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Why does the intermittent fasting and the keto diet give you bad breath? We investigate.

Those dedicated to the cult of intermittent fasting or the ketogenic diet will be familiar with one of its unspoken side effects, which has nothing to do with increased muscle definition or your waistline.

Yep… we’re talking about bad breath and it’s even got its own Instagram hashtag.

While the regime is famed for its ability to give the dieter unbounded energy, laser sharp mental focus and unparalleled fat-burning capabilities, it’s time we talk about your body’s other awkward (and breathier) response.

To get down to it, we racked the brains of dentist and bad breath specialist, Dr Geoffrey Speiser of the Australian Breath Clinic, and fear not because non-judgemental advice is coming your way.

How does #ketobreath differ to normal bad breath?

So how do you know if your case of whiffy breath is because your diet is paying off, or is a sign that you need to revise your dental hygiene ASAP?

According to Dr Speiser there’s a definite way to tell.

He describes ketone-infused breath as having a “fruity alcohol type of smell”, versus the pungent notes of say ‘rotten egg-esque’ dragon’s breath.

Members from fitness forum BodyBuilding.com also describe the scent as “metallic” or even more delightfully so, as a kind of ” hamburger-meat” aroma.

Yummo.

Why does intermittent fasting and the ketogenic diet cause bad breath?

As Dr Speiser explains, releasing ketones – a gaseous bodily compound – is a normal side effect of dieting and the breakdown of body fat.

“This would lead to ketosis,” he says. “Ketosis releases ketones which are a volatile odorous compound.”

Dr Speiser also says diets high in protein, such as the ketogenic or paleo can also lead to an increased chance of bad breath, but this smell differs from ‘ketone-infused’ breath.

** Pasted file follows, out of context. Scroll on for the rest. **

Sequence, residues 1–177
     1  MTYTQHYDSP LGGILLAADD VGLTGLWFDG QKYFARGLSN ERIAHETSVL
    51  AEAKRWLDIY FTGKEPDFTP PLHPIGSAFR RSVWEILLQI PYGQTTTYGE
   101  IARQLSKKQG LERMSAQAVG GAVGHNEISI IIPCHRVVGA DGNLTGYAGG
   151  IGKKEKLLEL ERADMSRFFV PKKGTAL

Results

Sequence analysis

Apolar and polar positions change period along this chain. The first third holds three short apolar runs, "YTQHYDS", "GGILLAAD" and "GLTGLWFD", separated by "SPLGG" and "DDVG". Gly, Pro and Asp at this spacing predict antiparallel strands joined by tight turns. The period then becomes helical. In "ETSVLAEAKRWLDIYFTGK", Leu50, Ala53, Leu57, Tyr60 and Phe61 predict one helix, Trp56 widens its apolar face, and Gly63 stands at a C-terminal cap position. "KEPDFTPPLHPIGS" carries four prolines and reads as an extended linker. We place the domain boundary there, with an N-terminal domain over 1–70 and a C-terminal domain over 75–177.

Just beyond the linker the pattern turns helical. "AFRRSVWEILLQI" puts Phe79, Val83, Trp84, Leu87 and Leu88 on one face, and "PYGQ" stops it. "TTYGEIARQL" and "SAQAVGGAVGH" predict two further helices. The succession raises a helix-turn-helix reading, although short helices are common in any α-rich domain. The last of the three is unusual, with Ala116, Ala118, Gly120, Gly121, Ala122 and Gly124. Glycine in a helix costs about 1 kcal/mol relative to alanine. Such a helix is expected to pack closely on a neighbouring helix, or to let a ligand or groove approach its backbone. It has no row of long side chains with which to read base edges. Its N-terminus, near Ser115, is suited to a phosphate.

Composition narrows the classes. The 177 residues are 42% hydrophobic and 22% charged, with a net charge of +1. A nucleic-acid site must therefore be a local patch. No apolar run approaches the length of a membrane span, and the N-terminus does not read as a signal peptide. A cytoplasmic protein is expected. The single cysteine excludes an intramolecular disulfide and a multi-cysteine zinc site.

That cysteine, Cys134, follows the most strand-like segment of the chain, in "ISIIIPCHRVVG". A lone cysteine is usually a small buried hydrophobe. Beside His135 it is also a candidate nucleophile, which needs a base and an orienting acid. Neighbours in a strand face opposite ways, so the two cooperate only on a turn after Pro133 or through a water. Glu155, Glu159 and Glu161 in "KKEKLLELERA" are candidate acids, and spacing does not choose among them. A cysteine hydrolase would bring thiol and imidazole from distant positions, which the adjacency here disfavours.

“Bad breath comes from the breakdown of proteins into amino acids and waste products called volatile sulphur compounds (VLC). These VLC are the bad breath smells,” he says.

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“Ninety per cent of protein breakdown is the white coating on the tongue surface, while 10 per cent is from dairy products such as cheese and milk.”

Need some help cutting sugar from your diet? Sarah Wilson has three tried and true tips that will help:

Video by MMC

How do you treat #ketobreath?

Although this is a natural process of your metabolic system doing its job, Dr Speiser notes it’s a lot more common in people who don’t have a proper dental hygiene routine.

While Dr Speiser has developed a special machine which can read the gases in your mouth to pinpoint its pongy origins – should you find yourself on the receiving end of an awkward chat from a family member, friend, or even worse, a date – he says staying hydrated, using mints, and upping your dental hygiene will help too.

For a thorough clean, he also recommends tongue cleaning – something beauty guru Zoe Foster Blake swears by, too.

Writing for Mamamia in 2012, Zoe said this of the life-changing technique:

“I use a tongue brush [like this one here] and tongue gel every morning and night. And while my dear fiancé was far too elegant to ever say I had unsavoury breath, he made a point of telling me it was truly a minty-fresh dream since bringing in the tongue brush.

“It’s part of my routine now, takes 30 seconds, and according to the woman, is more important than teeth brushing for breath.”

Now rejoice, because you can have your high-protein chicken and avocado salad and eat it too… just don’t forget to stay hydrated and invest in a tongue-cleansing device.

You’re welcome.

Have you struggled with bad breath while on a ketogenic or diet involving intermittent fasting? Tell us about your experiences below! Group therapy is open in the comments.

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